gcc Compiler Optimization Options
[From the man gcc page.]
- -O Optimize. Optimizing compilation takes somewhat more
time, and a lot more memory for a large function.
Without `-O', the compiler's goal is to reduce the cost
of compilation and to make debugging produce the
expected results. Statements are independent: if you
stop the program with a breakpoint between statements,
you can then assign a new value to any variable or
change the program counter to any other statement in
the function and get exactly the results you would
expect from the source code.
Without `-O', only variables declared register are
allocated in registers.
With `-O', the compiler tries to reduce code size and
Force memory operands to be copied into registers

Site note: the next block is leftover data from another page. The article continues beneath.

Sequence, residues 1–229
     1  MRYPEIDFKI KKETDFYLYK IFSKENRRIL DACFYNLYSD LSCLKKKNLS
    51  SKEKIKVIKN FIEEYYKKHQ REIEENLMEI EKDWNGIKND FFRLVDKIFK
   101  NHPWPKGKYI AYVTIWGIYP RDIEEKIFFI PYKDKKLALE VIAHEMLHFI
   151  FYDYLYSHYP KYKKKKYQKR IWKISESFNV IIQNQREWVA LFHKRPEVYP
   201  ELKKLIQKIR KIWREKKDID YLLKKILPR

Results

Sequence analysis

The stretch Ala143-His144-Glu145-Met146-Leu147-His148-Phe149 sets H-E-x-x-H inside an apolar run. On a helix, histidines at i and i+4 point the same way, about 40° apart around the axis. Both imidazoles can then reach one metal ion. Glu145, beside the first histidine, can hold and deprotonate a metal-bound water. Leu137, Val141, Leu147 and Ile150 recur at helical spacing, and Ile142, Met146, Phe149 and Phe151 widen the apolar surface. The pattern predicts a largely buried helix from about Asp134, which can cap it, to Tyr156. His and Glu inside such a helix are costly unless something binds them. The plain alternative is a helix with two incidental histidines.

before doing arithmetic on them. This may produce better
code by making all memory references potential common
subexpressions. When they are not common
subexpressions, instruction combination should eliminate the
Force memory address constants to be copied into
registers before doing arithmetic on them. This may produce
better code just as `-fforce-mem' may.
Pay attention the inline keyword. Normally the
negation of this option `-fno-inline' is used to keep the
compiler from expanding any functions inline.
Integrate all simple functions into their callers. The
compiler heuristically decides which functions are
simple enough to be worth integrating in this way.
Enable values to be allocated in registers that will be
clobbered by function calls, by emitting extra
instructions to save and restore the registers around such
calls. Such allocation is done only when it seems to
result in better code than would otherwise be produced.